How To Renew Your Leadership This Spring

Image Credit: Tree by 899473 (Pixabay.com)

Image Credit: Tree by 899473 (Pixabay.com)

Spring is the season of renewal and change in nature. For many people, spring cleaning is a part of their household routine. You may have a habit of reorganizing your garden after winter or starting to plan for the summer.

Today, I suggest you use this season of the year to renew your leadership. According to author John C. Maxwell “leadership is influence.” Our ability to influence others is an important capability. Like any capability, it can be improved and developed further. Yet, many refuse to pause and seek out ways to improve.

Let’s think on these findings and observations:

  • “Three-quarters of respondents reported that they have worked at an organization where the leadership team was out of touch and operated as though it was stuck in a bubble.” (American Management Association)
  • ““Fresh air” is important to the make-up of leadership teams to prevent their perspectives and decision-making capabilities from becoming stale… 41% of the top-performing companies (but just 20 percent of low performers) have introduced executives from other industries into their leadership team.” (Accenture)
  • “Lose Weight and Getting Organized” are the top most popular New Year’s resolutions according to research from the University of Scranton.

There is a connection between the personal achievement and organization of leaders and their ability to lead others.  The following seven strategies will help you to renew your personal effectiveness and leadership capabilities.

 1. Review The First 90 Days of The Year

By April, we already put ninety days of the year behind us. While winter is one of my favourite seasons, it is a challenging time in some respects (e.g. less natural light). Our enthusiasm to accomplish more will go a long way in January. Unfortunately, we may have lost track in February or March.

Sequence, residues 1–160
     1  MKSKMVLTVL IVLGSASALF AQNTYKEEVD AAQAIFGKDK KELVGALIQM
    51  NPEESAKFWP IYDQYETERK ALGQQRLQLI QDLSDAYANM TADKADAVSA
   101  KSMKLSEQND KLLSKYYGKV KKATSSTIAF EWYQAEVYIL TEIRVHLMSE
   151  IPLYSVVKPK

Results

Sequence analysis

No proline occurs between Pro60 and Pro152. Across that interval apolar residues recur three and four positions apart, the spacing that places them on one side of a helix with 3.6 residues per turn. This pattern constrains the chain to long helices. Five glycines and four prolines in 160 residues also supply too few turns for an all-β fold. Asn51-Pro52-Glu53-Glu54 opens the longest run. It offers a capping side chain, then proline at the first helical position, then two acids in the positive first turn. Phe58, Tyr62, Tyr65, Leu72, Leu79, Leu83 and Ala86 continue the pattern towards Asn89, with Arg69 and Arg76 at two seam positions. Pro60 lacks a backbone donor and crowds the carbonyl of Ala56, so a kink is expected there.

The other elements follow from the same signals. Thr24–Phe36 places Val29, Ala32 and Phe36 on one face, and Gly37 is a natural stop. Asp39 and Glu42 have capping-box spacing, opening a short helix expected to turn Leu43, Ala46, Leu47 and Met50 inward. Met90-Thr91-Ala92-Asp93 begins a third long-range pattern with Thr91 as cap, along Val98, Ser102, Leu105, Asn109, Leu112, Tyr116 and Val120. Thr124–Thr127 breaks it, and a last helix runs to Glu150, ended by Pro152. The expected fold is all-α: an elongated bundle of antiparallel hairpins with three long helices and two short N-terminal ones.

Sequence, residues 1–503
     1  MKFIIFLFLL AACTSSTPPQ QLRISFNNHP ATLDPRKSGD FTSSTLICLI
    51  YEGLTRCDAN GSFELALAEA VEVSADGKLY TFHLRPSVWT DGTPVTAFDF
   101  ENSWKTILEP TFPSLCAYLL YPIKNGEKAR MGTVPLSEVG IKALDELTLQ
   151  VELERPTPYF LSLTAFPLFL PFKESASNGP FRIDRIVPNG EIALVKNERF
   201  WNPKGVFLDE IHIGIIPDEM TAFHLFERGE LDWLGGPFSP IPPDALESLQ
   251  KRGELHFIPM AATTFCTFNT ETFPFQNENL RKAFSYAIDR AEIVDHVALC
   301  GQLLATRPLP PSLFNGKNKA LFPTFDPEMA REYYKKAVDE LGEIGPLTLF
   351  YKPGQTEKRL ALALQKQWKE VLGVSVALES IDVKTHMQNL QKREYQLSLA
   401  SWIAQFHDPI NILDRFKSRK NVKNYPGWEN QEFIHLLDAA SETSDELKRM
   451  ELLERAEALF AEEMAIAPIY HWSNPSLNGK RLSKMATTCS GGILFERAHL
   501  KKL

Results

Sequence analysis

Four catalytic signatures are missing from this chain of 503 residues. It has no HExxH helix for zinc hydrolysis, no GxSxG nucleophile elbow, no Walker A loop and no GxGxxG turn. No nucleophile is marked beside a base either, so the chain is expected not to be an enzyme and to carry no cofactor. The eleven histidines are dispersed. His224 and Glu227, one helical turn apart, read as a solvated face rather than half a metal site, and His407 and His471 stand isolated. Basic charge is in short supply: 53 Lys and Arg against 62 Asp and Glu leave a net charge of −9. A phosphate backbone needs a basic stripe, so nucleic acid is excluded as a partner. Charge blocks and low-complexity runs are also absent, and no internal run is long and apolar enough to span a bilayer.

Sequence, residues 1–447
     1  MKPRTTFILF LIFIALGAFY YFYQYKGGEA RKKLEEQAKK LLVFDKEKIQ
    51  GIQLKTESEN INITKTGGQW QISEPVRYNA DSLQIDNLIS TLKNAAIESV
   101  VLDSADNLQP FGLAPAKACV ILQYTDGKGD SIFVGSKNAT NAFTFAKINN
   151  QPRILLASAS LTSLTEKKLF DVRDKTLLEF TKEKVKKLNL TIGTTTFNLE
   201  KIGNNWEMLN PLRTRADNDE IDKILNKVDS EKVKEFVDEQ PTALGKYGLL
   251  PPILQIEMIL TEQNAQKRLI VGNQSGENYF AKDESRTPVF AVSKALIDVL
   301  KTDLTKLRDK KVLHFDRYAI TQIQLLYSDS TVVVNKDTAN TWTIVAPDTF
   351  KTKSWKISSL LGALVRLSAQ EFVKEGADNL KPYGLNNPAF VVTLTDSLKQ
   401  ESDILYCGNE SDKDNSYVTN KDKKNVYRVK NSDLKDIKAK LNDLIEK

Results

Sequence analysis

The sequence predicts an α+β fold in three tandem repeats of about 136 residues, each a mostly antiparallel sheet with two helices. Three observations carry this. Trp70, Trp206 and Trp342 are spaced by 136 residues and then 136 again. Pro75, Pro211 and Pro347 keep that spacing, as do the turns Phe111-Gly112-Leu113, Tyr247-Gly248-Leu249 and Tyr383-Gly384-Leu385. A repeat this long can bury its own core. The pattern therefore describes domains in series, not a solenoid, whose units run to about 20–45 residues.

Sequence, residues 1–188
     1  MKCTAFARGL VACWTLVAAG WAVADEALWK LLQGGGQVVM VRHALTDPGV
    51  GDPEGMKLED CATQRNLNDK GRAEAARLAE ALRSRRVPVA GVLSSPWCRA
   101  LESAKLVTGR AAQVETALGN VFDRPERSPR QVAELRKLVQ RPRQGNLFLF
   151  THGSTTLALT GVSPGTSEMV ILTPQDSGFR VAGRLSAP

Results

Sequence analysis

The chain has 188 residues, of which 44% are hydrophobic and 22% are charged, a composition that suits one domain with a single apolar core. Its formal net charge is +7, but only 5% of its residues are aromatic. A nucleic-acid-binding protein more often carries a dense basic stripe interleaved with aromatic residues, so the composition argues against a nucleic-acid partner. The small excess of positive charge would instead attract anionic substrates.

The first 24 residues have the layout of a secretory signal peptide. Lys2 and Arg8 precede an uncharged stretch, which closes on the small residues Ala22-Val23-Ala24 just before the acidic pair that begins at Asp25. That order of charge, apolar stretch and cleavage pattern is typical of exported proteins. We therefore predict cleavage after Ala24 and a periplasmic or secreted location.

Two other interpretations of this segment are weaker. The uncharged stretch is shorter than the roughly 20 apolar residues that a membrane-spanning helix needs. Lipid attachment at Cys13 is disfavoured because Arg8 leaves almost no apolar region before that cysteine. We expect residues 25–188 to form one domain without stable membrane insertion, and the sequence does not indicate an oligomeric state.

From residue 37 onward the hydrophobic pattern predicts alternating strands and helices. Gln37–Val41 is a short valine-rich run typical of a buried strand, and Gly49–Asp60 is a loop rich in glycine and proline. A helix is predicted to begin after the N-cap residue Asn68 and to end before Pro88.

To review your progress for the year, ask yourself the following questions:

What am I most proud of so far this year in my professional life?

What habits did I want to establish this year (e.g. a new health habit) and what has gotten in my way?

Imagine you are about to depart on summer vacation: what accomplishment would give you piece of mind (and perhaps a need for some relaxation)?

2. Review Multi-Year Goals For Relevance?

Working on a single goal over several years is challenging. Simply keeping up the energy year after year becomes challenging. If you are struggling with a multi-goal, spring is the time to take a new perspective.

First, reassess whether the goal is still valuable. Business conditions may have changed. Your personal responsibilities may have changed. Ask yourself, “does it make sense to continue working on this goal with the information I have now?”

Second, if the goal is still worthwhile, reiterate why the goal matters in writing. In researchers at Northwestern University found that hat human beings—even rational ones—have a limited capacity to remember the original reasoning behind their decisions. If that capacity is exceeded, the information could be lost—so we need a mental placeholder that can remind us of why we decided something, just as tying a string around your finger reminds you that you need to pick up milk on the way home from work.

3. Are Your Management Skills Supporting Your Leadership Vision?

In reading and reflecting on leadership, one often gets the impression that management skills get little attention compared to the glory of leadership. However, management skills are what enable you to translate your vision into reality.